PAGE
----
Sep 272022

(Andy Synn delivers a Death Metal-centric edition of The Best of British)

The UK Death Metal scene is a fertile place, no doubt about it.

Of course, such a bountiful harvest does sometimes make it hard to separate the wheat from the chaff (here’s a little bit of advice – stringing together a few generic grooves and mediocre, mid-paced blastbeats does not make you “the next Bolt Thrower”) but that’s just the price you pay for living in such interesting times.

One thing that separates these bands from the rest of the pack – in my opinion – is that they don’t play it safe. Sure, they’re standing on the shoulders of giants (aren’t we all?) but they’re taking risks – some big, some small – and pushing themselves in an attempt to climb even higher, demonstrating a level of ambition that, honestly, I wish more bands had instead of just settling for being just another fish in an increasingly over-crowded pond.


The new album from De Profundis – a group we’ve long been fans of here at NCS – is the perfect rejoinder to the old cliché that bands always get softer and mellow out as they get older.

Make no mistake about it, this is by far the band’s angriest and most aggressive record yet (and that’s saying quite a bit, as their last couple of records weren’t exactly lacking in venom either), one which marries the ripping heaviness of Cannibal Corpse with the proggy intensity of Leprosy-era Death, and then adds just a dash of Pestilence‘s nimble fretboard fireworks to create something that’s both technically twisted enough for the Tech Death crowd and also possesses enough “Old School” cool to please the OSDM nerds.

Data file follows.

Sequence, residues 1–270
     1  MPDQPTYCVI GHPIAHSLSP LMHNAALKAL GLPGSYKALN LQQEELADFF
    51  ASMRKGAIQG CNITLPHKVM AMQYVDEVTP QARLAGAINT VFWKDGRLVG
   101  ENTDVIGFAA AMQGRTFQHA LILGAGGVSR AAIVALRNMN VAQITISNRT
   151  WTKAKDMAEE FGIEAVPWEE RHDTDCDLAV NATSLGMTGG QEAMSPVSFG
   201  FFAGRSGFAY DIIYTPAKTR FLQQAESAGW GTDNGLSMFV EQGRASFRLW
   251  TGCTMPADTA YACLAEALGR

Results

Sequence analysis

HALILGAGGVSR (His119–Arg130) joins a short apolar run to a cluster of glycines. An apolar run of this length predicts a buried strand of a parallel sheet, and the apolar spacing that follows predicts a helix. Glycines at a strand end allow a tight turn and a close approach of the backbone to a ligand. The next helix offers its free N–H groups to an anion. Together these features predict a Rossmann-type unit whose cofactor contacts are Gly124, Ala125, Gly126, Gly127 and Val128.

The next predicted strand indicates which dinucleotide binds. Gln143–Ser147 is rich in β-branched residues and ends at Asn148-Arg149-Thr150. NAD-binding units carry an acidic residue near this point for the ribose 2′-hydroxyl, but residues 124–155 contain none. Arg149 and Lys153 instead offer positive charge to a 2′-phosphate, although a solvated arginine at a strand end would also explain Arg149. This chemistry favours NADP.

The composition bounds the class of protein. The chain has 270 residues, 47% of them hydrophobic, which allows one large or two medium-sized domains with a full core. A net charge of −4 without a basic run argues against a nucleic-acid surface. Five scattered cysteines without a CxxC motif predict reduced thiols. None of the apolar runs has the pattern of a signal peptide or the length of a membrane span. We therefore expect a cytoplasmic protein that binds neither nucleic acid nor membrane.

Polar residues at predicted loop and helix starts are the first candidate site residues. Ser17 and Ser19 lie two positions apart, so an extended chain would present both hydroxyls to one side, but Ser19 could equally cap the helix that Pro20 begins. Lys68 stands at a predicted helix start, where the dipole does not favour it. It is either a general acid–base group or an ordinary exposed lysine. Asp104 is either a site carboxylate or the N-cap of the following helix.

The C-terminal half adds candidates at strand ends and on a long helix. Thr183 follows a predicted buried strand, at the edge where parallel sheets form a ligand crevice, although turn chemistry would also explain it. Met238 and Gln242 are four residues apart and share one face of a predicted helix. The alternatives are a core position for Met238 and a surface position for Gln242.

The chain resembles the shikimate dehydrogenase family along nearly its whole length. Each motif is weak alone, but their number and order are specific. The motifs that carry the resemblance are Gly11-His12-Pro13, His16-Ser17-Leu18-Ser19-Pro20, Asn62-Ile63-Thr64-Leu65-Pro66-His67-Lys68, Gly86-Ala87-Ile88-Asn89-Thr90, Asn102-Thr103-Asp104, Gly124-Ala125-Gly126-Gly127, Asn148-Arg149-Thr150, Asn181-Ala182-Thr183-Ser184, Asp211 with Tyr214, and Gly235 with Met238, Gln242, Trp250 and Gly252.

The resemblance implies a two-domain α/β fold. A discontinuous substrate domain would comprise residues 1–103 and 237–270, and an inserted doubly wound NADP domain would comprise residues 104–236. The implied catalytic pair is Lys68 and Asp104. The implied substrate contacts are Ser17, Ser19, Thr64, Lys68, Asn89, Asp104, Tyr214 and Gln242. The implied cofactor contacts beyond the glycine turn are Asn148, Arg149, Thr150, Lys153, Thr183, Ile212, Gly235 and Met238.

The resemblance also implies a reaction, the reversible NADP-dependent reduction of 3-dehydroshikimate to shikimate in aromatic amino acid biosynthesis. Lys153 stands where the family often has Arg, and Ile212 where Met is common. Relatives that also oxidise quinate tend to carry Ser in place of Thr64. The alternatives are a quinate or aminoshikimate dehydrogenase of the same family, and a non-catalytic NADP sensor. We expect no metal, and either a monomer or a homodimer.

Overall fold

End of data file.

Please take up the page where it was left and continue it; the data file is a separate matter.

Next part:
There are a couple of things, however, which sets De Profundis apart from the usual glut of dime-a-dozen Death Metal bands, even just on first listen.

For one thing, they’re not just aping their ancestors, they’re actively adding to and refining the recipe they’ve handed down, and there’s no question that the heavy-yet-hooky riffs of songs such as “Sectarian Warfare” and “Desecrating Innocence”, and the intricate, proggy basslines (courtesy of new member Steve Woodcock) so prominent in tracks like “Relentless March” and “Embrace Dystopia”, contribute more than their fair share of instrumental flash and fury to the band’s increasingly ferocious formula.

And then there’s the fact that, unlike a lot of bands who are content just to grunt and gurn their way through the motions, De Profundis actually sound legitimately, undeniably pissed-off on this album, and there’s a real, raw fury to the way that vocalist Craig Land growls forth the bitter and barbed lyrics of songs like “Weaponised Rape” and “Religious Cancer” that you just can’t fake.